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Pulse checker: Ministers to tackle climate change through GP prescriptions

Pulse checker: Ministers to tackle climate change through GP prescriptions

The Government has announced it will fight the main threat to the future of mankind through GP prescribing.

Ministers say their big solution to the cost-of-living crisis – for GPs to prescribe vouchers – could easily be applied to tackling climate change. 

Environment secretary Ranil Jayawardena told Pulse Checker: ‘We’ve heard some crazy ideas, such as applying pressure on oil companies. Under our more sensible plans, GPs will be able to hand out prescriptions for sunburn, heatstroke and injuries sustained in the upcoming wars over increasingly scarce basic resources. 

‘GPs are best placed to provide support in the future, including delivering ice on home visits and giving care in makeshift camps in the post-apocalyptic world.’

Health secretary Dr Thérèse Coffey added: ‘We can also announce funding of £1 per patient for every degree increase in the earth’s temperature, and free fans when consulting rooms hit 50 degrees.’

The plan to charge GPs for appointments

Former Conservative leadership candidate Rishi Sunak proposed to charge GPs for every patient they see, in order to raise funding to improve GP access. 

Mr Sunak told Pulse Checker that GP access needed to be improved, and that would require funding. 

He said: ‘We toyed with the idea of charging people for failing to attend GP appointments, but we felt we couldn’t do that to voters – sorry, patients – during a cost-of-living crisis that had nothing at all to do with me. 

‘We’ve always said GPs are overpaid. Some are earning £100,000 a year, almost 1/7300th of my personal wealth. So it makes much more sense to raise money through them, to help pay for more GPs and improve access for patients.’ 

Newly appointed Prime Minister Liz Truss said the problem was GPs were idle and ‘preferred pop music to work’. She insisted that both patients and GPs should be charged, with the money going to fund tax cuts.

The stupid things politicians say

‘How can this be? Nearly one fifth of GPs work on average 26 hours a week as 50% of all patients struggle to get through to their family doctor’
Former minister Esther McVey struggles with the concept of working less than full time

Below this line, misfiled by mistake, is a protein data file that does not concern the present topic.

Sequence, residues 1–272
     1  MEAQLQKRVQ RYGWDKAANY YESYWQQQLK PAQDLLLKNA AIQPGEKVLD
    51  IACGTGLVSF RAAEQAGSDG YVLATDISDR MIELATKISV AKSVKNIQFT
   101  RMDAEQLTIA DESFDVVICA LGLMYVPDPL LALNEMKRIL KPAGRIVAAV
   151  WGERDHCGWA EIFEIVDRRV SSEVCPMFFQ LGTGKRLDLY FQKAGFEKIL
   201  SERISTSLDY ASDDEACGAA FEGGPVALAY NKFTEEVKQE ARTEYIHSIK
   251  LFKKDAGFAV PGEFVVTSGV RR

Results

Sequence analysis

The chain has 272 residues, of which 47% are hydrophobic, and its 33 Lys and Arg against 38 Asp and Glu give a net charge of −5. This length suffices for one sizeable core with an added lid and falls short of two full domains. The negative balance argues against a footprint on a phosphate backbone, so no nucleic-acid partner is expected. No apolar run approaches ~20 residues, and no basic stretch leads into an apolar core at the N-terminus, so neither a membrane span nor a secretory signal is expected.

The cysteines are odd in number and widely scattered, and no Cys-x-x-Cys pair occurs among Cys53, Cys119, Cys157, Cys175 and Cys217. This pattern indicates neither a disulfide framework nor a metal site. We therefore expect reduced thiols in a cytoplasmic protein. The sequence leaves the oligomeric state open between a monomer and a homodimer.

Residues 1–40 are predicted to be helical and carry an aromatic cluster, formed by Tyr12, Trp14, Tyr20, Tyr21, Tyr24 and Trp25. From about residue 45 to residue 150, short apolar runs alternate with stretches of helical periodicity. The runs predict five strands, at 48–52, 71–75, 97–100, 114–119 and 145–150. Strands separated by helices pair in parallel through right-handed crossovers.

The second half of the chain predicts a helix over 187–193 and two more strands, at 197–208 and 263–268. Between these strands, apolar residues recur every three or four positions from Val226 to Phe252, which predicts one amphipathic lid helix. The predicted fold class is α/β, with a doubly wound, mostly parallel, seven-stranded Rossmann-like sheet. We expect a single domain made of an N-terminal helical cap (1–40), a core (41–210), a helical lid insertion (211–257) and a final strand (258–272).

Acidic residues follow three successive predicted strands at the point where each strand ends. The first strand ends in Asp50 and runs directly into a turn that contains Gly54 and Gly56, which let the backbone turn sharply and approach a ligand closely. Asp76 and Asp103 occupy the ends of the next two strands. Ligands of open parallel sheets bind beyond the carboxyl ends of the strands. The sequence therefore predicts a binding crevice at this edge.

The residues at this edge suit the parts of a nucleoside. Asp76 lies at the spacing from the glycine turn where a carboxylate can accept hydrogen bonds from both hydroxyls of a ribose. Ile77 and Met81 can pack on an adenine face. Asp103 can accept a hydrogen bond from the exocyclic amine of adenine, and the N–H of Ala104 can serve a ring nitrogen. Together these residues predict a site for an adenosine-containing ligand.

‘Reduce the pay of doctors and NHS managers by 10%. NHS pay has rocketed in the middle years of this decade… pay raises are already falling as the service returns to sanity, but not far enough.’
Reform think-tank report in 2009, co-authored by its then deputy director Liz Truss

This month, GPs have been blamed for…

…wanting to be paid for providing Covid vaccines. ‘GPs want a bonus to lead autumn Covid booster vaccine drive: Family doctors call for £10-a-jab supplement to return as they accuse ministers of trying to run the rollout “on the cheap”,’ MailOnline, 16 August 2022

…failing to update their lists. ‘GPs resist NHS request to update their registers despite concerns some practices are including DEAD patients,’ MailOnline, 18 August 2022

Answers on a postcard

Our new quiz for those who are fluent in management speak

What did the Government mean in its consultation on a new national vaccination service when it said this: ‘We will work collaboratively with a range of stakeholders to test this vision and design a framework that enables systems to make it a reality for their populations, building on what is already working well. The framework should provide national infrastructure and enablers where it makes sense to do so…’

  • A It’s about systems and places and that and, er, making frameworks a reality for our population. I think.
  • B It’s all about stakeholders being able to enable stuff. 
  • C The writers were being paid by the word.

Answer If you said C, you were wrong – no government could afford to pay NHS report writers by the word.